'I Won't Regret to Die'

One filmmaker puts himself at risk by speaking out against China's government.

Aug. 15, 2008— -- As the Olympic flame flickers atop the Bird's Nest, foreigners with human rights torches of their own have chosen this moment to stage brazen protests.

Pro-Tibetan activists have entered China on tourist visas, knowing that the worst punishment they'll face is deportation. For Tibetans living in China, any protest calling for a free Tibet means almost certain jail time.

"China is a successful country and it's growing, but the people of China, they deserve the truth," said Pemba Yoko, a protester with Students for a Free Tibet.

And that truth, according to the group and many Tibetans who are living in exile, is that China is suppressing Tibetans' human rights and systematically extinguishing Tibetan culture, language and religion.

Olympics Serve as Platform for Protests

Tibet has been a mecca for tourists, with attractions like the dazzling Potala Palace in Lhasa, the capital. This year, images of Tibet in the media have been dominated by coverage of violent clashes between Tibetans and Chinese police.

That, in turn, has led to protestors interrupting the Olympic torch relays in several cities around the world, with Tibetans and supporters calling for the return of the Dalai Lama, the region's spiritual leader, to his homeland, where Chinese officials have banned him for decades.

But some Chinese citizens believe the protesters have it all wrong.

"I don't think they should do this," one woman said. "Tibet is already very free."

But few have heard from the people still living in Tibet.

'I Won't Regret to Die'

One of them is Dhondup Wangchen. The 34-year-old Tibetan amateur filmmaker has decided to show the outside world what he says nobody knows about his country. He shows rare footage of Tibetans speaking out about life under Chinese rule in a documentary filmed entirely by native Tibetans.

"We started gathering facts about the real opinions of the Tibetans inside Tibet, what they think about the 2008 Games," he said. "Whether they support His Holiness the Dalai Lama."

One monk says in the film that if the 2008 Olympic Games take place, they should stand for freedom and peace, but because he has neither, he says, he'd rather not have the Games there.

Even at the start of this project, Wangchen knew he was putting his life on the line.

"I won't regret to die on this soil since the reason why I died would be for the sake of all the Tibetans," he said.

But, as a precaution, he smuggled his wife and children out of the country and then smuggled himself back in with a camera. He'd never filmed anything before.

"I'm not satisfied with the filming," he said. "I've never touched a camera before and have no experience handling a camera."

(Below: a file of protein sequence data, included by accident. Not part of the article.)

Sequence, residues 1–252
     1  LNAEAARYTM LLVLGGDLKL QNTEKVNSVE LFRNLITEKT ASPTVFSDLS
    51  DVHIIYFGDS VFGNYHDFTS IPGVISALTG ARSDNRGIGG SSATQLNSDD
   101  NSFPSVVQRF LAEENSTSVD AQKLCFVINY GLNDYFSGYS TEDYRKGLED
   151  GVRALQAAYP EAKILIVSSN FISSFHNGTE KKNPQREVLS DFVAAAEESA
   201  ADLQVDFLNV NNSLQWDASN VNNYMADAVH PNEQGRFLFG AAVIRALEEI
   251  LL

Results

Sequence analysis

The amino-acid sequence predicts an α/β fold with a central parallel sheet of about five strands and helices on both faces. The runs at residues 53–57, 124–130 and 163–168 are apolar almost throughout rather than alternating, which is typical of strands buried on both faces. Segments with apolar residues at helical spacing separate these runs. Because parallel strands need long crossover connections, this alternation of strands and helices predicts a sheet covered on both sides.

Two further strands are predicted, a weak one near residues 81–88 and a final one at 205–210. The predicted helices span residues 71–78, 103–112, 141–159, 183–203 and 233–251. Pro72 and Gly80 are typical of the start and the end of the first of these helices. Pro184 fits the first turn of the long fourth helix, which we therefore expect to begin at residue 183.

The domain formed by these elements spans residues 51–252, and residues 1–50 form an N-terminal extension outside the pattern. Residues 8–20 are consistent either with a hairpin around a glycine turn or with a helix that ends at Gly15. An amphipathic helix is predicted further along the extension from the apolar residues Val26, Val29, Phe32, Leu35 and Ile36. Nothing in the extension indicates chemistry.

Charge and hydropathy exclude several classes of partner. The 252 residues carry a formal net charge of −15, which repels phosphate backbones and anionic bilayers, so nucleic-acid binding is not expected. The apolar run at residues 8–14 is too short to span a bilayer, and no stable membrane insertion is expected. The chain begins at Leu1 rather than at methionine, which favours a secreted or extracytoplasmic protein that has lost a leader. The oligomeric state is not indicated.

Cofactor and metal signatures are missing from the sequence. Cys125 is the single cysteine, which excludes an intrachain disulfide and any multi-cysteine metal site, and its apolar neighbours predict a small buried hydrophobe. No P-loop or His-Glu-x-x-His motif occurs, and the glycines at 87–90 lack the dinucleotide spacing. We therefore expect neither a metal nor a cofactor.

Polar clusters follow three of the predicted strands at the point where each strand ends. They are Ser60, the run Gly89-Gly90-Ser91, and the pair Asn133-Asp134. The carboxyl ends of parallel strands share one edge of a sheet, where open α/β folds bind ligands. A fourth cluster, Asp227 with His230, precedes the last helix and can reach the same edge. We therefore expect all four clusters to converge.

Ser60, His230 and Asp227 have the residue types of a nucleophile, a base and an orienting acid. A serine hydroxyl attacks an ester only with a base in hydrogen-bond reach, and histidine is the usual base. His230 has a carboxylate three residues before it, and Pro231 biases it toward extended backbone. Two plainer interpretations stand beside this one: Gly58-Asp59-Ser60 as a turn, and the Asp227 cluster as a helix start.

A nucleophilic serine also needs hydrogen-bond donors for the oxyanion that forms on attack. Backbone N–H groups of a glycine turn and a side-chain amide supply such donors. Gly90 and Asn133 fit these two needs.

With the help of three volunteers, Wangchen has traversed thousands of miles, often by motorbike, across cold and sometimes barren terrain. The team collected about 40 hours of interviews with Tibetans who spoke about life under Chinese rule.

"The main difficulties we faced in making this film were asking people to show their faces on camera, not being able to guarantee their safety, and to gain their consent," he said.

The Chinese government says that exiles don't really speak for Tibetans, but those featured in Wangchen's film say otherwise.

"Life is very hard, people don't see it," one interview subject said. "Lots of tourists come to Lhasa and the Chinese government sweet-talks them, showing them what they want to show."

Hoping for the Dalai Lama's Return

Another monk cried, saying that it was his greatest wish and dream for the Dalai Lama to return home, although it doesn't look like his dream will ever be realized.

"Many said that if I succeeded in offering it to His Holiness," he said, "then they won't regret even if they had to die. I also asked clearly about filming or not filming their faces."

One man said, "If the interview was to be seen by the Dalai Lama then I wouldn't' care even if I were killed. It would make me very happy if I could leave the Dalai Lama this message in the name of all other Tibetans."

Simple Acts, Big Punishments

The film documents simple acts of defiance like people displaying portraits of the Dalai Lama in their homes, an act strictly forbidden under Chinese law.

"If the government finds them they confiscate them," one man said, showing his portraits. "So we have to keep them secret. Otherwise they'll be taken away"

Even declaring support for a free Tibet is punishable by up to 20 years in prison.

The project and ensuing journey have been difficult for Wangchen, as he struggled to focus on his mission and simply stay awake.

"I need to smoke a lot." he said. "Not being able to sleep sometimes, dire necessity to think a lot coupled with my loneliness compels me to light a cigarette very often. I have to stop it because I need to work for the Tibetan cause for few years and it's also a question of my personal health."

Tapes for the film were smuggled out of China to Europe, where friends completed the film and named it "Leaving Fear Behind." It was released on the Internet days prior to the Olympic opening ceremonies in Beijing. Chinese officials shut the site down there within hours.

Wangchen and one of his assistants, a Monk named Golog Jigme, have since been arrested by the Chinese government. Their exact whereabouts are unknown.

CLICK HERE to visit the official Web site for "Leaving Fear Behind."